- isolated cortical signs

High early recurrence rate


Outline the incidence, pathophysiology, symptoms, and outcome of lacunar strokes.

20% of strokes

Single perforating artery occluded

Affects the basal ganglia or pons

- pure motor OR
- pure sensory OR
- sensorimotor
- ataxic hemiparesis

Silent (therefore underdiagnosed)


Outline the incidence, pathophysiology, symptoms, and outcome in posterior circulation strokes.

25% of strokes

Affects brainstem, cerebellum, or occipital lobe

Complex presentation


Differentiate the symptoms which result from strokes affected the dominant and non-dominant hemispheres.

85% of people have left hemisphere as dominant (even in left-handed people)

Dominant cortex affected =
- dysphagia
- dysgraphia
- dyslexia

Non-dominant cortex affected =
- visual spatial disorder (visual association area affected)
- neglect (visual association area affected)


What are some important considerations when taking a stroke history, and why?

Stroke or non-stroke? (different management)

TIA or stroke? (different investigations)

Type of stroke? (location/pathology cause different onset time and neurological symptoms)

Cause of stroke?

Suitable for thrombolysis (time is brain)


What are some important red flag symptoms in a stroke history?

- headache
- seizure

Raised intracranial pressure
- headache
- vomiting
- drowsiness

Aetiology e.g. cardiac symptoms

note: atypical presentations (esp. in elderly) include delirium, confusion, collapse, and incontinence


What might be seen on a CT head in a stroke?

Infarcts are grey

Blood is white

Oedema is dark grey and causes midline shift

note: if bleeding is in basal ganglia, it is too deep for neurosurgery


Give some examples for differential diagnoses for stroke.

- hypoglycaemia = difficulty speaking, floppy one side (symptoms improve when [glucose] increases)

- migrainous aura

- epilepsy

- space occupying lesion

- demyelinating disorders e.g. MS

- labyrinthine disorders

- retinal bleed/infarct

- peripheral neuropathy

- myopathies

- delirium

- hyperventilation (transient)

- functional v.s. psychological


What are some important signs seen on examination in stroke?

Baseline obs:
- BP
- pulse rate and rhythm
- proteinuria/haematuria

- telangiectasia
- hyperlipidaemia
- endocarditis/stigmata of vasculitis
- neoplastic screen

- ?cardiac source of embolism (arrhythmias, valvular defects)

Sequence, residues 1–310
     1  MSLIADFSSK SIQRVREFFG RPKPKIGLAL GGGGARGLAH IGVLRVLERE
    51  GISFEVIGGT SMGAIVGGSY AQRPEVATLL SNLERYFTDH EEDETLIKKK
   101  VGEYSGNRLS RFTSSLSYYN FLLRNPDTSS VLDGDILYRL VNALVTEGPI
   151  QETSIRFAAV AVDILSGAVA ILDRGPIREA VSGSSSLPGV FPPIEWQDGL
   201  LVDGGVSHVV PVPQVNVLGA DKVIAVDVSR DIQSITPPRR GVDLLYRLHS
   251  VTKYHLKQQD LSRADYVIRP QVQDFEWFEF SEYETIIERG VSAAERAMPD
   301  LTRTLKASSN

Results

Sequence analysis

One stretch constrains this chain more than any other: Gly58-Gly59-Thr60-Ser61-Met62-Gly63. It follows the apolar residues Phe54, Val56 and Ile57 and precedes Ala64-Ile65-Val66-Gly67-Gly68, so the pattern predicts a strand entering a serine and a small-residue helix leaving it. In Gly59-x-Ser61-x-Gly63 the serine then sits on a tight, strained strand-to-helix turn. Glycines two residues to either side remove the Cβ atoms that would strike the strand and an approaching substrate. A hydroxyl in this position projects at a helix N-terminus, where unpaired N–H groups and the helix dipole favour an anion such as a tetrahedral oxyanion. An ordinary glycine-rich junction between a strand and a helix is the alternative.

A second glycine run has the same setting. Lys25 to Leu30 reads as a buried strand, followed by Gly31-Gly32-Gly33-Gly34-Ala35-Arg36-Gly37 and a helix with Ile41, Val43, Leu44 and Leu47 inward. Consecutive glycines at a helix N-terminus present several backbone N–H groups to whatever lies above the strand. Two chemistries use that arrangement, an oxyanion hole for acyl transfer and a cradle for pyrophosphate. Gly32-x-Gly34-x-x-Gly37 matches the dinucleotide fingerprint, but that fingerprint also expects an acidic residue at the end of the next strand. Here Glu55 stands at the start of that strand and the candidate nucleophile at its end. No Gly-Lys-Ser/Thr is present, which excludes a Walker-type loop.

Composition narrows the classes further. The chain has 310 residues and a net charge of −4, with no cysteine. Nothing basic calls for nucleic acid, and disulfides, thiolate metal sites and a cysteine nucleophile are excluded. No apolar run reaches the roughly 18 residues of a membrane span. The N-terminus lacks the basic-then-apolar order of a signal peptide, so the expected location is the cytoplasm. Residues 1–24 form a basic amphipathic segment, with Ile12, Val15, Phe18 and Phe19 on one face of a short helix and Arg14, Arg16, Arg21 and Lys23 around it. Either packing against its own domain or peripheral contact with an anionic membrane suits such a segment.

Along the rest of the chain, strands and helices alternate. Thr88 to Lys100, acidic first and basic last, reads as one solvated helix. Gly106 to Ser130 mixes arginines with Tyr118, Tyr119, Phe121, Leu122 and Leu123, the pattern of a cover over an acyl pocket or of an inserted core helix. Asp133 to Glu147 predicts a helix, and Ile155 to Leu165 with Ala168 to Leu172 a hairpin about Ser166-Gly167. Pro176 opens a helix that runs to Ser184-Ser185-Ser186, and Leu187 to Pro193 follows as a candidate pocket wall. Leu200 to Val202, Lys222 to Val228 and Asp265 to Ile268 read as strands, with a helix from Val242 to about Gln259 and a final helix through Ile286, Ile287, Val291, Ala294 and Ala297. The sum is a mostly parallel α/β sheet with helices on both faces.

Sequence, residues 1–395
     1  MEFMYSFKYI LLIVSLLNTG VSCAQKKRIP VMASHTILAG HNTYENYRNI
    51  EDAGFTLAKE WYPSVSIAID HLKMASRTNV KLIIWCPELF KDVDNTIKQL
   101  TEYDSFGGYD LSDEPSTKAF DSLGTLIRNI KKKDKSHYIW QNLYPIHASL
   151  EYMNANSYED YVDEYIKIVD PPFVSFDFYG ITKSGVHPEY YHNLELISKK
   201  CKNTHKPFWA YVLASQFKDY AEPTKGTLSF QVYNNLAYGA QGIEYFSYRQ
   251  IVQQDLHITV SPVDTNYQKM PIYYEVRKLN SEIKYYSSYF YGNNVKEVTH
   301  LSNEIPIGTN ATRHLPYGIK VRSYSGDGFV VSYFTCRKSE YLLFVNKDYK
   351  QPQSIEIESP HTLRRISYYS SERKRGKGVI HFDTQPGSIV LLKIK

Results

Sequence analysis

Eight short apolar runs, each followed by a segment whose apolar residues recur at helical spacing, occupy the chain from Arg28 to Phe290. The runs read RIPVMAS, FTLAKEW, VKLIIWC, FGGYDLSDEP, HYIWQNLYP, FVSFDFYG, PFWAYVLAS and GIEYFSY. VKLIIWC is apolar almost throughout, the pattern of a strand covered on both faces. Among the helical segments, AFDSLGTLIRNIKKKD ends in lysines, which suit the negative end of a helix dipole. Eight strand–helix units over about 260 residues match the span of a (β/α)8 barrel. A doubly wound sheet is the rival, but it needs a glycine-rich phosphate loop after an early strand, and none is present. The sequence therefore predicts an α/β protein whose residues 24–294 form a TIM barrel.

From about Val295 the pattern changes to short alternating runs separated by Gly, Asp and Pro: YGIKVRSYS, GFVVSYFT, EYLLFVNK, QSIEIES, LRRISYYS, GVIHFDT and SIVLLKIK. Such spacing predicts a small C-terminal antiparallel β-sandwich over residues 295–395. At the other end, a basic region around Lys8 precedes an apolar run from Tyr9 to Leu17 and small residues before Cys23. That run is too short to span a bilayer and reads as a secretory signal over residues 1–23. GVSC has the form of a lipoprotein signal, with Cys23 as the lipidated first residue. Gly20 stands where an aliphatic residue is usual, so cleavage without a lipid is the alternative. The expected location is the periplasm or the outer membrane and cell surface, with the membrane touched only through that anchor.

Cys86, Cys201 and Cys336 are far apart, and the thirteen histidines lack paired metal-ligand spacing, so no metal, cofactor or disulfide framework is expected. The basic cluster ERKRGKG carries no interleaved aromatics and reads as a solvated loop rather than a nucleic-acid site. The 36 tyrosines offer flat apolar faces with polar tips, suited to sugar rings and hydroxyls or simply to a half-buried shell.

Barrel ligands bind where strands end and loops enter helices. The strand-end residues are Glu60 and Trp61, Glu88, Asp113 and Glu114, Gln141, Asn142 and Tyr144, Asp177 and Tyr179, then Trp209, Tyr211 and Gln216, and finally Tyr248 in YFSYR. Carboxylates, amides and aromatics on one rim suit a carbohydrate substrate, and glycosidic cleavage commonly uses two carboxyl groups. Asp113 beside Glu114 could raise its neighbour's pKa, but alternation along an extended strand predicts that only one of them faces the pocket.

- ?vascular source of embolism (carotid/renal bruits, peripheral pulses)

- dysphagia may lead to aspiration pneumonia


What are some important investigations for stroke?

- blood glucose (rule out hypoglycaemia)



- U&Es, LFTs, TFT, lipids (baseline for prescribed drugs e.g. statins)

- ECG (look for AF which increases risk of mortality)

- CXR (where indicated)

- urgent CT head when thrombolysis is an option (look for bleeding which would contra-indicate thrombolysis)

note: early normal CT does not rule out ischaemic stroke or infarct (just rules out bleeding)

+ MRI brain in certain situations
+ carotid ultrasound (?carotid embolism)
+ echocardiogram (if cause is unknown e.g. patent foramen ovale)
+ 24hr cardiac monitoring (if cause is unknown e.g. arrhythmias)


What are some important additional investigations in cryptogenic strokes or in young patients with stroke?

- full coagulation profile (e.g. if unable to conceive)
- thrombophilia screen (e.g. family history of DVT)
- antiphospholipid antibodies
- autoimmune screen
- fasting plasma homocysteine
- blood cultures
- thyroid function
- syphilis serology
- HIV serology


What is the management for an acute stroke?

IV thrombolysis (alteplase) IF:
- CT has excluded bleeding and established infarct
- no bleeding risk e.g. not on warfarin
- any patient within 3hrs, consider anybody


What is the outcome of IV thrombolysis in acute stroke?

1/3 will improve (of those 1/10 will fully recover)

3% will be worse overall

1/14 will have intracerebral haemorrhage ---> 1/20 of those will become worse


Give some examples of how to prevent future strokes in stroke patients.


Treat hypertension, hypercholesterolaemia, diabetes

Carotid surgery in carotid stenosis


What are the different segments of the internal carotid artery?

Bouthillier classification

- cervical
- petrous
- lacerum
- cavernous
- opthalmic
- posterior communicating (lesion causes 3rd nerve palsy)
- anterior choroidal (supplies posterior limb of internal capsule and optic chiasm; lesion causes visual field disturbances)